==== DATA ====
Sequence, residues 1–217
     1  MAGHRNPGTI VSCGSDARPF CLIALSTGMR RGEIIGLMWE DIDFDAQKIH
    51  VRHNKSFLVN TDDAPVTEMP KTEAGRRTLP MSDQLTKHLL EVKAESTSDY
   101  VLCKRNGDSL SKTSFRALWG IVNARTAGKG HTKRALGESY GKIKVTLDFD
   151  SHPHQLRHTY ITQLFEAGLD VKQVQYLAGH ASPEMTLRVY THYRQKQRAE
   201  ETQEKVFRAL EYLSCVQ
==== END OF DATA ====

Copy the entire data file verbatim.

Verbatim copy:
Sequence, residues 1–217
     1  MAGHRNPGTI VSCGSDARPF CLIALSTGMR RGEIIGLMWE DIDFDAQKIH
    51  VRHNKSFLVN TDDAPVTEMP KTEAGRRTLP MSDQLTKHLL EVKAESTSDY
   101  VLCKRNGDSL SKTSFRALWG IVNARTAGKG HTKRALGESY GKIKVTLDFD
   151  SHPHQLRHTY ITQLFEAGLD VKQVQYLAGH ASPEMTLRVY THYRQKQRAE
   201  ETQEKVFRAL EYLSCVQ